Cultivated Meat

New Zealand Institutes Seek Skilled Scientist for Cell Ag Professorship

New Zealand’s Riddet Institute and AgResearch are collaborating to create a jointly funded cellular agriculture professorship. The position will be based at the Te Ohu Rangahau Kai research facility, which the two entities share.

Hosted at Massey University, The Riddet Institute is focused on advanced food research, while AgResearch works in the agri-technology field. The Riddet Institute is already conducting research into cellular agriculture, but through the new professorship, the institutes hope to increase research and training capacity in this area.

“We want to focus on the processes and science behind the technology.”

Riddet Institute director Distinguished Professor Harjinder Singh said that cellular agriculture has the potential to considerably disrupt conventional animal agriculture. He added that it is important for New Zealand to develop its capabilities in the field and to exploit commercial opportunities.

Alt-protein in New Zealand

A recent report in New Zealand called on the agri-food and ingredients sectors to invest in plant-based proteins such as pea and fava. It pointed out that plant proteins are currently being imported, whereas they could be produced locally.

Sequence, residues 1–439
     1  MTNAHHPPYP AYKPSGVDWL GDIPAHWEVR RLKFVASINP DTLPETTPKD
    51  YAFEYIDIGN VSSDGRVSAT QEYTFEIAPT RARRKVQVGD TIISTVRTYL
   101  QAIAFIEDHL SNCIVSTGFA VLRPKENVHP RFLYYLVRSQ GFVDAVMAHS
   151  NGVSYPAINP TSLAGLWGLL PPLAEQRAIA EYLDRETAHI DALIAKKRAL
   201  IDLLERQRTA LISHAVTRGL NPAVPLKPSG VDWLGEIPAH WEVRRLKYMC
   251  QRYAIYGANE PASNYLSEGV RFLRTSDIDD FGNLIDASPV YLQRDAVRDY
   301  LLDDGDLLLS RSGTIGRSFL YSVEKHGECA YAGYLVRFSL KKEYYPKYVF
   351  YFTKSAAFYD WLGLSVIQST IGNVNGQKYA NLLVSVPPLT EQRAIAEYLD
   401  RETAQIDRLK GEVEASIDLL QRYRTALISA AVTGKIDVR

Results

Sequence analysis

Meat-free diets are on the rise in New Zealand, with one study labelling the country the “fifth most vegan in the world” based on Google Trends data. While consumers in the country can choose from an increasing range of plant-based foods, such as Sunfed’s alt-meat products, cultivated meat is still in its very early stages. However, New Zealand does now have a precision fermentation company — NewFish, which is making seafood from fermented microalgae.

©NewFish

The biochemistry of cultivated meat

The cellular agriculture professorship by the Riddet Institute and AgResearch will be advertised globally. However, because it is a nascent field, the institutes emphasise that very few scientists are qualified. According to AgResearch science group manager Stefan Clerens, the purpose of the resulting research will not just be to “get another burger on the market”.

“We can put the science behind it,” he said. “We can find out if it is fully digestible and understand the biochemistry and how it all comes together in a structure to deliver functionality for whatever the customer requires. We want to focus on the processes and science behind the technology.”

Share

Newsletter

Subscribe for the vegconomist-newsletter and regularly receive the most important news from the vegan business world.

Subscribe